When you hear “wellness,” a lot can come to mind. Maybe it’s eating vegetables, meditation, or work-life balance. It can evoke imagery of spas, hiking, the gym, or even a therapist's office. In short, the word “wellness” captures a lot into eight letters.
There’s no single way to stay well, but there are core components that keep us well.
Our framework makes room for the variables of human life by clearly defining and expanding on the core components of physical, mental, social, and beyond the self. With the physical body, mind, and external world linked through this framework, we can examine wellness holistically.
Four categories of wellness
Consumers prioritize wellness based on a wide range of decisions. For example, life stages such as parenthood can trigger many people to seek out products and routines to boost physical, mental or spiritual health. The categories of wellness they choose to go after can also depend on a number of factors—demographics, lifestyle, and psychographics.
Our wellness framework encompasses the variables of human life by clearly defining and expanding on the core components of physical, mental, social, and beyond the self. With the physical body, mind, and external world linked through this framework, we can holistically define and analyze wellness.
Physical: Bodily health, nutrition, fitness, and sleep
Part of staying well is keeping your body functioning. As we age, we do our best to maintain our physical bodies; bodily health, nutrition, fitness, and sleep are all part of that. With no shortage of ailments to relieve or prevent, wellness products for physical health tap into our deep desire to live long, pain-free lives. Doing yoga to maintain joint function, wanting eight hours of sleep, and getting enough vitamin B are all physical health concerns.
Mental: Coping and flow
Oftentimes, wellness is confused with wellbeing which has more of a mental health connotation. Our framework views mental health as one component that influences the physical, social, and beyond the self, but is also dictated by these three other components.
Coping and flow are our two main mental health concerns. Coping is how people deal with the trials of life—such as the loss of a loved one, a new job, or receiving bad news. Flow entails a mental state beyond coping, where someone is thriving and feeling tuned in to the world. Also described as being “in the zone,” flow helps articulate the ease at which someone moves through their life.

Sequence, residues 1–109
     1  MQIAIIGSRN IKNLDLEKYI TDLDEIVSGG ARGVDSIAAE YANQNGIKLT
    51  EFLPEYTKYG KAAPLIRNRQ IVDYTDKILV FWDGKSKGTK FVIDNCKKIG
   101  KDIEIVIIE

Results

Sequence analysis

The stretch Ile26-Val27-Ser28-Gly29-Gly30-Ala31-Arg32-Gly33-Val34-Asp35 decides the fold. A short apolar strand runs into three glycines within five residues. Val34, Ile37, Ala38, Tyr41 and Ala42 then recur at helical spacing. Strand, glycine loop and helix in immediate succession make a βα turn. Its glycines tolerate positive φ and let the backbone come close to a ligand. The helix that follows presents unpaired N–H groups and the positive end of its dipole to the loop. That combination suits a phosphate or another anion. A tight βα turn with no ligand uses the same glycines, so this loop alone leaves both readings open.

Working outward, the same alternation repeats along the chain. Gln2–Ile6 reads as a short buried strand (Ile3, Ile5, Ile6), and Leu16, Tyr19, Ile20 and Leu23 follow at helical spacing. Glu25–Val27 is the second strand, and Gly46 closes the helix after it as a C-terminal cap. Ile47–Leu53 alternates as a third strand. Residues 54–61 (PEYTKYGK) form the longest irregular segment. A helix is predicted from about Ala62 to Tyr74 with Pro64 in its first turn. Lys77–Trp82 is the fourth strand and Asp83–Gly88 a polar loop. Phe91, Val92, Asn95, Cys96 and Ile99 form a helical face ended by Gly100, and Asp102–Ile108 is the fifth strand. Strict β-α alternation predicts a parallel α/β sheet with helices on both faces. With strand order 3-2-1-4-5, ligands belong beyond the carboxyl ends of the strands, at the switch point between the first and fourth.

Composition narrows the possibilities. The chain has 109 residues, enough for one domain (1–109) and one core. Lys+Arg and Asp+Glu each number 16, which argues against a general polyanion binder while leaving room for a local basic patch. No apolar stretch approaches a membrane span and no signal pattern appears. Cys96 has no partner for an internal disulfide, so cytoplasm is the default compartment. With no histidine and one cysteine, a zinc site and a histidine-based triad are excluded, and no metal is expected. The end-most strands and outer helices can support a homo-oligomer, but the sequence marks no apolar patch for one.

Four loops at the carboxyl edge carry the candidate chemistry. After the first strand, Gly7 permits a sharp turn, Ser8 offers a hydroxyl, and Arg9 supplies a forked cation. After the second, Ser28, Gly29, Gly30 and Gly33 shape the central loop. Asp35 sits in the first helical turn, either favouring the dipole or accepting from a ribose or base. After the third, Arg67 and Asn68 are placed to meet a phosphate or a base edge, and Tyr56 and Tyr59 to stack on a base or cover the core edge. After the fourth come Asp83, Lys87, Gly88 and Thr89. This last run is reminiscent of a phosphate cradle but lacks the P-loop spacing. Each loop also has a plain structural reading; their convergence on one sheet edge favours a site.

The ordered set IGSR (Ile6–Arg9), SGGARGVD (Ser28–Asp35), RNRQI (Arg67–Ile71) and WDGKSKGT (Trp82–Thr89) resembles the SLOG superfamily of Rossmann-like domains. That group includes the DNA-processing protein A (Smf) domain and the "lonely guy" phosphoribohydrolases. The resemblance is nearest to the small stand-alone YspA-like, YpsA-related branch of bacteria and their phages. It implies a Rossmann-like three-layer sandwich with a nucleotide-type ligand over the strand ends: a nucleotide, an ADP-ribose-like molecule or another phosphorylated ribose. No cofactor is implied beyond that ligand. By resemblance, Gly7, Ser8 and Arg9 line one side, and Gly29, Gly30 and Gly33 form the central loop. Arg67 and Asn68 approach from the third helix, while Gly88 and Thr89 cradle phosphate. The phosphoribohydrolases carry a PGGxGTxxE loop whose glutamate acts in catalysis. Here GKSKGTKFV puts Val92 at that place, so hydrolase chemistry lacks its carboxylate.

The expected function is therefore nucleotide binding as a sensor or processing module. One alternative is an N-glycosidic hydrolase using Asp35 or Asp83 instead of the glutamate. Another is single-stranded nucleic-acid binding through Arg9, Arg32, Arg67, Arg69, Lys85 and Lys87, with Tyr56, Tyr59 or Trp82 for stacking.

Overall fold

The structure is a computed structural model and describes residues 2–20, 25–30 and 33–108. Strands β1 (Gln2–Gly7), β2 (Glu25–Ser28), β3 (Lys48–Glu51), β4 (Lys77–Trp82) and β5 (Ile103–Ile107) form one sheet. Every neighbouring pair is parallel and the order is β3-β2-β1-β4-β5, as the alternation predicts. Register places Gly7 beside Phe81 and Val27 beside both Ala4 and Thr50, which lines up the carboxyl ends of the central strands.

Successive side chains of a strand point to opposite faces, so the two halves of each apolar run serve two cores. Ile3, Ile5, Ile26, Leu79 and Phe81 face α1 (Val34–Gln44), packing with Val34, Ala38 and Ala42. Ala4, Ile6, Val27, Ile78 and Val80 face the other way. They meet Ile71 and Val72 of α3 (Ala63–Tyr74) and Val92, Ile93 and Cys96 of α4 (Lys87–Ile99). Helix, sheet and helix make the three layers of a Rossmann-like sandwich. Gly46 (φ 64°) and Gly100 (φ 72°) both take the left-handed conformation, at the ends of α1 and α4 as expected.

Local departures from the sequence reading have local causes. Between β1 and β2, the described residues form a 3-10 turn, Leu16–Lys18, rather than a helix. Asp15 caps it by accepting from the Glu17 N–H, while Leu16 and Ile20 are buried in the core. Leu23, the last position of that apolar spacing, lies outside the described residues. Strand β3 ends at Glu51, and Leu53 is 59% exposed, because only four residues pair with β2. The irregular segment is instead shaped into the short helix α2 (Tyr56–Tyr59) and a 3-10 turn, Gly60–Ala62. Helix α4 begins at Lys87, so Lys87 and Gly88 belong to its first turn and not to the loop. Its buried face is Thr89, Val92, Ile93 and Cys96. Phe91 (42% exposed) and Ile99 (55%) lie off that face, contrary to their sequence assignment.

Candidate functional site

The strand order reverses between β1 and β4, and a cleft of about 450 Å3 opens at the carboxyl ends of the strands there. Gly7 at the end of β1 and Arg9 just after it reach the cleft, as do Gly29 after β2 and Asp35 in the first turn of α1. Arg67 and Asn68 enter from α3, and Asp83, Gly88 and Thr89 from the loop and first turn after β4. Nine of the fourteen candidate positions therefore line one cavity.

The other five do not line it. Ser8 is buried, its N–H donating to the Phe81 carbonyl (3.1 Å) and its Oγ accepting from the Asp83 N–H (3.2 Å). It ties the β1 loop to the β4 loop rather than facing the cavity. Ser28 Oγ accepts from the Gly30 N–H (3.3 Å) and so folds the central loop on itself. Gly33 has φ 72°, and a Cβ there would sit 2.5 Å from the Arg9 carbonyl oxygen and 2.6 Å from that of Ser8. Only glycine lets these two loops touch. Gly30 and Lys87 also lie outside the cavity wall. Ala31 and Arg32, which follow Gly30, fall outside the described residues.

Social: Home management and social connectivity
Humans are social beings. Our relationships not only bring us companionship and joy, but research suggests strong social ties help us live longer. Social connectivity is the feeling of closeness and connectedness between others or in a community. Home management deals with the tasks associated with maintaining a home—like grocery shopping and maintaining relationships with others in the home.
Social concerns can stem from societal expectations of how things should be done or social pressures to conform a certain way. They can include wanting to follow home décor trends, wondering if someone is your friend, or worrying about keeping a budget.
Beyond the Self: Nature, spirituality, and sustainability
The last category deals with concerns outside of someone’s body. Though anything we think about could be perceived as “inside,” this category goes beyond the facets of wellness that form our sense of self. Our connection with nature, spirituality, and health of the earth varies by person. We can choose to connect with these parts of life to further understand ourselves through the relationship with something “other.”
Examples of concerns beyond the self include being mindful about single-use plastic, wanting to get more fresh air, or making time to practice a religion.
Why brands should care about wellness
When analyzing wellness, we’re examining the many ways in which people can be healthy or not. Ultimately everyone wants to be happy, but we achieve wellness in different ways. Wellness products solve problems that not every consumer experiences in the same way. By breaking it out into this framework, we can grasp underlying motives and get at the core of what drives people.
When brands are deciding on their next product, a number of dynamics are at play. They could be going off a gut feeling from the boss or chasing a shiny object. This can make innovating quite a challenge.
At the end of the day, every brand should be putting the consumer at the center of their new product. If their consumer cares about improving their sleep or getting focused, it is the brand’s job to create the product that helps them achieve that need state. Consumers are attracted to what will help solve their problems.